Wednesday, December 9, 2009

Christmas Treasures: Aisle 19


“Oh my!” I realized “Christmas is just around the corner!” Literally as I made the turn to aisle 12, amid the $4.00 festive red crock pots stacked precariously on the end cap; Christmas, in all of its material splendor, awaited. Piled high, six aisles wide, as far as the eye could see, Christmas loomed. Blue light illuminating the path, the season of good cheer and full shopping carts beckoned. Four dollars for a crock pot, now that’s a Christmas miracle. The store was full of them, and it wasn’t even November yet. I really didn’t need a two quart red crock pot, so although it didn’t exactly qualify as a treasure, among my other full price purchases it certainly ranked a place of high esteem.
Luckily there was still room in my cart as I cleared the last holiday aisle, because right before my wondering eyes did appear aisle 19, Halloween clearance. Now that’s an aisle I can dive into with gusto; no indecision, no speculating a potentially better price across town. Aisle 19 is only for hearty shoppers. We swoop and we move on. Then I spotted it, the coveted bargain we clearance aisle aficionados dream of, a silvery grey comb over wig. Unexpectantly brilliant among the rainbow clown wigs and oversized diaper pins. The last one too; and who knows when you might need one. I bent over to fish out the treasure, but was beaten to the punch, side swiped by a faster, younger version of myself.
Stunned with disbelief, I set my sights on her. She looked so kind. But she was clutching the wig in triumph. There was no polite, “Oh excuse me. Did you want this wig? Here you take it.” nothing of the sort. She inspected her prize and sighed with relief. Finally she noticed me staring at her.
“I can’t believe I finally found one of these! My son needs it for his part in the Grandparents Day program at our school. He is so thrilled to finally have a singing part, not a solo, just a duet. But it’s a big deal to him. My parents are coming.” Her eyes seemed to take on additional weight as she mentioned her parents. I tried not to look interested, not to like her. She was, technically speaking, the unlawful owner of my treasure.
Eyes glued to the wig, brows knotted, I queried.
“Is he supposed to dress up as an old man?” Why was I responding? Why would I engage this stealer of comb over wigs in conversation? Something held me there, in aisle 19. Unlike mine, her cart was empty. Maybe she already had a red crock pot, but for four dollars, who couldn’t use another one?
“Oh no, they’re doing a musical tribute to TV sitcoms, it’s very creative. My son’s singing the theme from “All in the Family” so he has to look like Archie Bunker. He hadn’t any idea what the show was about or who Archie Bunker was, so we’ve been watching reruns on the internet. He really has Archie Bunker’s mannerisms down, it should be very cute.” This woman was beaming with pride. This wig stealing, crock pot-less woman who gave birth to a Carroll O’Connor wanna be, was beginning to grow on me.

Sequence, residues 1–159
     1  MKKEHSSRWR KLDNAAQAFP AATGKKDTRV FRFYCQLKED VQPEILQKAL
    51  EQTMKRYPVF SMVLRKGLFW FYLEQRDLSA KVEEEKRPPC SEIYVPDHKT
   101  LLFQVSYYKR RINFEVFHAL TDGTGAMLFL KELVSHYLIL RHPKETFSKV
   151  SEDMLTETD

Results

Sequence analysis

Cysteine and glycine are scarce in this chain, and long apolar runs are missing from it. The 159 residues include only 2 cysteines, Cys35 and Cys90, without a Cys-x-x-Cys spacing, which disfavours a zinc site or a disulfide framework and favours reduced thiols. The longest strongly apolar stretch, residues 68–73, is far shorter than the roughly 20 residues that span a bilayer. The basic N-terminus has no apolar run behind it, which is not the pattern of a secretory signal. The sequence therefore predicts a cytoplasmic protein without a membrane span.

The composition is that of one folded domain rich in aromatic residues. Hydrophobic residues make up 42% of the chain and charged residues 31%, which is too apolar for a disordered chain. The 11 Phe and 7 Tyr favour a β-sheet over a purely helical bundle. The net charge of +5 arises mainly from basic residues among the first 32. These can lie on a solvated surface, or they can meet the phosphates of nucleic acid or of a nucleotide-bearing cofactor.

“My Dad has cancer. He’s 78, we’re pretty sure this will be his last Grandparent’s Day, so it’s a really big deal. My son’s especially excited. I’ve been looking all over for this wig. I can’t believe I found one for half price. Money is tight this year and” her voice trailed off as she looked into my eyes. She stepped back slightly.
“I’m so sorry to go rattling on. I’m sure you’re busy. It’s just such a blessing to have found this, on sale even. You know sometimes it feels like God isn’t even listening, but then He answers some little prayer in a big way and I know that He is.” She tossed the wig into her cart and smiled.
“Enjoy your day” she said as she pushed her practically empty cart past me down the aisle.
“You too, Good luck with the show.” I replied. What I wanted to say was, “I’m sorry about your Dad. I’m sorry about cancer and heartbreak and not having enough money.” As I turned my cart back toward the Christmas merchandise, I so wished there was an end cap display of miracles for her. Maybe the hem of Jesus’ garment to touch or a “buy one get one free” special on mats to load her Dad up on, so we could carry him to Jesus.
Then I realized it. It appeared like a silvery grey comb over wig in the midst of clown shoes and dried vampire blood. Her miracle was right there on aisle 19, and like the disciples she had the wisdom to want to share it with Me. I retraced my steps through the Christmas aisles, systematically unloading my cart. I wanted it be empty, hopeful, anticipating whatever Jesus had in store for me. Except the red crock pot, I kept that. Christmas was right around the corner
I decided it was time to go home, watch an “All in the Family” re-run on the internet. I filled my new red crock pot with hot chocolate. As I curled up with the patchwork afghan my grandmother made me when I was young, I said a prayer for my clearance aisle friend and her family and smiled at thought of her son with a comb over wig and a cigar in his mouth. The treasure I’d found that day was tucked away, but my cart felt full. Christmas was right around the corner and it was time to make room, unexpected things happen all the time.
The End

Dread's Chauffeur

Chemo days ebb and flow.
The tide pulls way back the night before,
exposing elusive treasures on the ocean floor.
I call to check, to make sure Debbie takes her Ativan.